Labs/Data:  None
Impression
  1. Cellulitis (4 points for new problem, further workup planned under the number of diagnosis for medical decision making
Plan
Start antibiotics. See orders.  (moderate risk for prescription drug management).
This patient meets criteria for a level one initial hospital encounter because it contains the minimum required medically necessary and reasonable elements for a level one initial hospital admission encounter but fails to rise to a level two or three for all three components.  Remember, for initial hospital encounters, the lowest level of documentation from history, physical and MDM determines the overall level of care.  The history is a level one history and the physical is a level 2/3 physical.    Medical decision making is moderately complex based on diagnosis (4 points makes = level 3) and risk table (prescription drug management = level 2).  Data  component of MDM provides no input variables.  This means the overall MDM is a level 2 as the highest two out of three for MDM is level 2.    Here's the quick look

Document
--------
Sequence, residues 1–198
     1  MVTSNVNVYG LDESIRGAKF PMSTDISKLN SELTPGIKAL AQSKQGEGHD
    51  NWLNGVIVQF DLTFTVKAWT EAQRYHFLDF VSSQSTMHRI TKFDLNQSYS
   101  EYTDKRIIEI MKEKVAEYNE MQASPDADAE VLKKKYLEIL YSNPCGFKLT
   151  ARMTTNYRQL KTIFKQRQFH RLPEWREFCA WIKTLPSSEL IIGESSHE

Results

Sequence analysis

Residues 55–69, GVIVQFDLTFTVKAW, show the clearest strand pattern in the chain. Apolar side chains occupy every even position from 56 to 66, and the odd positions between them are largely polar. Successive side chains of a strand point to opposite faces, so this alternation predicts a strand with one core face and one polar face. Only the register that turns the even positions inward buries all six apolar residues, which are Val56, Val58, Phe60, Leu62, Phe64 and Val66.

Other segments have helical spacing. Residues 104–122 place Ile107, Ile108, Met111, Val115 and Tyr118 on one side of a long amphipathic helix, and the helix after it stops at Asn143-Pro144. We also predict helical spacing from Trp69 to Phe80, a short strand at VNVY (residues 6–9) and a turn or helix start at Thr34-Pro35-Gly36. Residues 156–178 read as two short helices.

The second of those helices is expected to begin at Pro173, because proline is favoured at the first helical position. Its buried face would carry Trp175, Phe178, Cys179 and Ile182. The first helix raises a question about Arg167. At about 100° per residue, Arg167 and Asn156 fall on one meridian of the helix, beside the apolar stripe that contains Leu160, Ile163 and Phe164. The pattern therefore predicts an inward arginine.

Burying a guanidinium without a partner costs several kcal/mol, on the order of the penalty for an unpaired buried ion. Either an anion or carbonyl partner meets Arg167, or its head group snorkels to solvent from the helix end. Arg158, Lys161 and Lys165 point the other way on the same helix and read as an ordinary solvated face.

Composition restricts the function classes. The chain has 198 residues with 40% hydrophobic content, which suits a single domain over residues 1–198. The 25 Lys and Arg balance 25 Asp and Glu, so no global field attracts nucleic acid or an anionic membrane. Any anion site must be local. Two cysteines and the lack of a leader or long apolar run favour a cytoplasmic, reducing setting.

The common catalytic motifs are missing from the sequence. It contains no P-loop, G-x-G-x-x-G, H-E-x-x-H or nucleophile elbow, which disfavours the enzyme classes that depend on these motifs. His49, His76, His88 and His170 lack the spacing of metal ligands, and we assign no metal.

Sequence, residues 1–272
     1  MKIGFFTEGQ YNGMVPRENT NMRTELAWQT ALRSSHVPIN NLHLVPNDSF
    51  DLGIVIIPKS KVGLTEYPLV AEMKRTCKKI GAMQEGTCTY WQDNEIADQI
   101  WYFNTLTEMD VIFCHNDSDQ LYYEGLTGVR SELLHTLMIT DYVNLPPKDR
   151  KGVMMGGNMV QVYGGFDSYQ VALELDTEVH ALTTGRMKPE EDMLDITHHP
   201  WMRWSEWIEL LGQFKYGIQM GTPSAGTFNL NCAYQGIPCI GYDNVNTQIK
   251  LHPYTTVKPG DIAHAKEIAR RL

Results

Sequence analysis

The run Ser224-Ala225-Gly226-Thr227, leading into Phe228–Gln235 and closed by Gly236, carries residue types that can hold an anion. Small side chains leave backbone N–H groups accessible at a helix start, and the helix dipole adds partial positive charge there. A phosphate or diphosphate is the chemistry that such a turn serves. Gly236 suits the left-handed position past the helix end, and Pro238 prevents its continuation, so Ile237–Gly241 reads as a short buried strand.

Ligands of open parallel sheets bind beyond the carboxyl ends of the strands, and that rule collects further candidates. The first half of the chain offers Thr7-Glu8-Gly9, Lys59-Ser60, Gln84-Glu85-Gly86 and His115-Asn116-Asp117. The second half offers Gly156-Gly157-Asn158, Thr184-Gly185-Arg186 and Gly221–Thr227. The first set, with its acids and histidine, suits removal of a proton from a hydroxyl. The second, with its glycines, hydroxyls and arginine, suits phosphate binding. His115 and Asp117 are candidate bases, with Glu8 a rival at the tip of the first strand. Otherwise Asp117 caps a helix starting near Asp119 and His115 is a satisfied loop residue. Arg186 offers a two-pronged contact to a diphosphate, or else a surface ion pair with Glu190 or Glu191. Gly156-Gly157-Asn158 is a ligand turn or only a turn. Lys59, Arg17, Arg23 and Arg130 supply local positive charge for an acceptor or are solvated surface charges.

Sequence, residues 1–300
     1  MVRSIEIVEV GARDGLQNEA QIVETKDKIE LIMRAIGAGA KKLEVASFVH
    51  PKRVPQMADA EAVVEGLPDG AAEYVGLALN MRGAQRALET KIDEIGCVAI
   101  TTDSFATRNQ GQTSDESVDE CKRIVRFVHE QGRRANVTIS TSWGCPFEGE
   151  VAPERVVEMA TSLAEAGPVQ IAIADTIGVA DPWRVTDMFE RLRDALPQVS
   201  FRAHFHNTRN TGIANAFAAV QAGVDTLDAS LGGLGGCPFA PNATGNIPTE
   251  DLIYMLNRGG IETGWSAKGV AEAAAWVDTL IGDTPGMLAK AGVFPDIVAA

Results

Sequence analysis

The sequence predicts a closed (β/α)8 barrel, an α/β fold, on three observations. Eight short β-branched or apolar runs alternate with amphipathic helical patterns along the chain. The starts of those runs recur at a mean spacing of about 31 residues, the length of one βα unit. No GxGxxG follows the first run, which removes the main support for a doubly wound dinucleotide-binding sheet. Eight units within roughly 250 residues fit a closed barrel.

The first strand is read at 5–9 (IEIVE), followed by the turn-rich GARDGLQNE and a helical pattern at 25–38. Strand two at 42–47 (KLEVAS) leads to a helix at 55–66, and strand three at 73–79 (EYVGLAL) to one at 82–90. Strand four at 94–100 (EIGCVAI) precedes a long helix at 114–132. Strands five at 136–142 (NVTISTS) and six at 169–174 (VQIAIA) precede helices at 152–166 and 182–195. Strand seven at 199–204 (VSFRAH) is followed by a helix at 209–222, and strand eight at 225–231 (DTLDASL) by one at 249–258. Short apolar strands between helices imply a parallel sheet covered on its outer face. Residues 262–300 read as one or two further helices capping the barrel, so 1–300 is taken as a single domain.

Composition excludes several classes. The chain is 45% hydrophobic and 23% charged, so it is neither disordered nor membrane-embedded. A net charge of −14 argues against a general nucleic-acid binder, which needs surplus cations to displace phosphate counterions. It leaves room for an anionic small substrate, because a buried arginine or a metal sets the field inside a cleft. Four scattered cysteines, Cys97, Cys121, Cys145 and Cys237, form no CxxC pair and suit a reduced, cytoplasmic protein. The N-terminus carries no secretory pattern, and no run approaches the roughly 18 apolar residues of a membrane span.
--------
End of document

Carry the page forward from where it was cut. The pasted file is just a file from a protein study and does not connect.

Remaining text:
1. History (level 1)
  2. Physical (level 2/3)
  3. MDM (level 2)
Since the history is only a level 1 history, this initial hospital admission E/M encounter  would only rise to a 99221, 99218 or 99234, depending on which group of codes is appropriate for the patient's clinical scenario.  If the history failed to include 4 elements of HPI, this note would not qualify for any initial encounter code.  In fact, it would only qualify for a level two subsequent care note as even a level three subsequent care note (99233) requires 4 elements of HPI or the status of three chronic medical conditions.  This is why documentation is so important with E/M coding.

DISTRIBUTION OF HOSPITAL INITIAL CARE CODES 99221, 99218 AND 99234


What is the distribution of CPT® 99221, 99222 and 99223 for internal medicine in the country? One Medicare contract carrier actually showed us the results in a January, 2013 pdf presentation (based on January 2011 through December 2011 data). I was unable to find data on the other initial hospital care codes 99219 and 99235 for internal medicine exclusively.  However, I do provide data for all of these codes below on an all-comer basis. Here is their analysis for internal medicine.
  • 99221:  about 4% of total for these hospital initial visit codes. 
  • 99222: about 28% of total for these hospital initial visit codes.